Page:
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Old 06-21-2016, 05:09 PM
Location: Midland, MI
504 posts, read 478,495 times
Reputation: 1071


My aunt still owned the house but the POA was not paying taxes or utilities. Since it was unoccupied she really needed to have to boarded up. Someone told me it had been broken into; when I stopped by a window was broken out and the DOOR WAS OPEN! I had enough sense to get the heck out of there. She kept the place immaculate; it is still a shame.

She had wanted to donate her house to the church, but now it is worthless to anyone and may contain squatters. A bummer all the way around.
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Old 06-21-2016, 07:55 PM
4,840 posts, read 2,145,909 times
Reputation: 12309
Contact an estate attorney. Many cases have gone to court when the POA mis-used the assets.

As Next of kin you can address the courts.

the executor of the estate , which should be on the courts dockets needs to always be duly sworn to uphold the deceased wishes. If a Life policy was mismanaged, the courts will remedy.

Sorry about the family loss.

A Small service carries a donation to the church of choice.

Oddly I sit in the minority on much of the loss of life coming down to money. the person themselves meant more then any money or assets they had. Honoring them meant more then assets.
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Old 06-22-2016, 07:17 PM
Location: Midland, MI
504 posts, read 478,495 times
Reputation: 1071
Thanks for the advice. I'm not willing to put the time and money into it and don't have much faith in the courts. I would like her to have a really nice, simple service with a few people and family members that cared about her. She was a bit of a character and I really thought a lot of her.
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Old 06-25-2016, 10:09 AM
9,666 posts, read 7,638,989 times
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Something somewhat similar recently occurred in my own family, although thankfully, not to this extreme.

But a second spouse is withholding ashes, despite the clear wishes of the deceased and that person's adult children who are the children of the first spouse (both were widowed at the time of the second marriage. Those ashes were supposed to be buried in the cemetery next to the first spouse. A typical church funeral was held in the town where my relative and this spouse lived previously, and interment of the ashes and a brief graveside service at the family plot cemetery in my relative's old hometown were supposed to follow.

The adult children were not asked or invited to participate in any of the plans for the church funeral. All had been extremely close to and involved with their parent, and were previously on decent terms with their stepparent. The stepparent controlled everything. A sibling of my deceased relative's offer of assistance was also rejected by the second spouse.

So our family gathered at what should be the hometown graveside several weeks later (the delay was due to hoping the spouse would pass along the ashes, or at least some of the ashes to the children). We held our own "home-spun" memorial, led by my deceased relative's three adult children and their one remaining sibling, and including other family and friends, including a relative who is a retired pastor.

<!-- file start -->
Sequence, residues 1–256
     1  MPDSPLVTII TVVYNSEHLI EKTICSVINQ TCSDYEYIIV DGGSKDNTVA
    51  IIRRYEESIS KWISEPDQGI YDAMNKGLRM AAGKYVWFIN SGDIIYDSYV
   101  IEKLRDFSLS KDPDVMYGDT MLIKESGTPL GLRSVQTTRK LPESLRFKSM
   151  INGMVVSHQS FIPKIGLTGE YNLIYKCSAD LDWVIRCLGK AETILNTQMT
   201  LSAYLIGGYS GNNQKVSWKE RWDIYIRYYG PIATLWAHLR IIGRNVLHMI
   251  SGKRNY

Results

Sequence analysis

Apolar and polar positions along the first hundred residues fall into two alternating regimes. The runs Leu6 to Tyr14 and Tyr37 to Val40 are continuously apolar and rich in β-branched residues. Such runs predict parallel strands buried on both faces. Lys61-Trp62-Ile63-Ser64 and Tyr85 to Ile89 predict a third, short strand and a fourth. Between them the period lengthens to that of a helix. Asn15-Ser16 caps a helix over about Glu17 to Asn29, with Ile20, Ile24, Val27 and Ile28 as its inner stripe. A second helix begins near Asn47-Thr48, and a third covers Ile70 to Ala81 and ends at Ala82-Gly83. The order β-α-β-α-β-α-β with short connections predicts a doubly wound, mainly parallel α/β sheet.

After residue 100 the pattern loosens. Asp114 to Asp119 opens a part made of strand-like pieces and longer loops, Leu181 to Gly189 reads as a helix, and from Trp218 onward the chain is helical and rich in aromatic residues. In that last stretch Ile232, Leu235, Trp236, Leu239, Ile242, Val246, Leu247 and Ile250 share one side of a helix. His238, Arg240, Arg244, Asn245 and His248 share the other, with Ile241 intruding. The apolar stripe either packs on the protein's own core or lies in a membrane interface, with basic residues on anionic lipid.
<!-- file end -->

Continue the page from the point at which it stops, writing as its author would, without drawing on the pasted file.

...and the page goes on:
The second spouse chose not to attend. Nor did they release my late relative's ashes, despite their clear wish.

The service lasted about an hour, and included live music (instrumental and sung), prayers, poetry, Bible readings, a brief homily, and lots of memories and tributes. There were flowers, pictures, and other things important and symbolic of our family. There were tears. There were smiles, and laughter. And it was good.

We ate together afterwards, then made music later (music is a family trait) and found some sense of not closure, but of coming to terms with a sad situation unnecessarily made much worse by the circumstances. That sort of behavior remains incomprehensible to me.

But our own family ties are stronger, and we felt that our lost family member's memory and gifts had been recognized and honored as they should be. Perhaps your family could do something similar. I am so sorry for the complications surrounding your recent loss - your aunt sounds like a wonderful lady.
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Old 06-25-2016, 02:07 PM
Location: Las Vegas
13,432 posts, read 24,204,419 times
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A memorial service doesn't have to cost anything! Lots of times, people meet at a restaurant or a bar. Everyone gets what they want and pays for it themselves. Or it can be held at someone's home.

Just do what you can with what you have.
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Old 07-10-2016, 08:27 PM
Location: Midland, MI
504 posts, read 478,495 times
Reputation: 1071
Craig creek: that is an awful, heartbreaking story. Unbelievable how people can act. We are having a mass next Friday; my sisters and I are coming up with the money for the organist, priest, putting a notice in the paper, etc. I met with a couple of her friends (he is a Catholic deacon) and between the three of us we are pulling it together. Thanks for the support; I'm going to make sure that she gets a nice send-off that honors her.
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Old 07-13-2016, 10:58 AM
779 posts, read 2,964,443 times
Reputation: 623
News, A Serious Undertaking. A small, but growing, group of activists seeks to reform the funeral industry.

Start around #14
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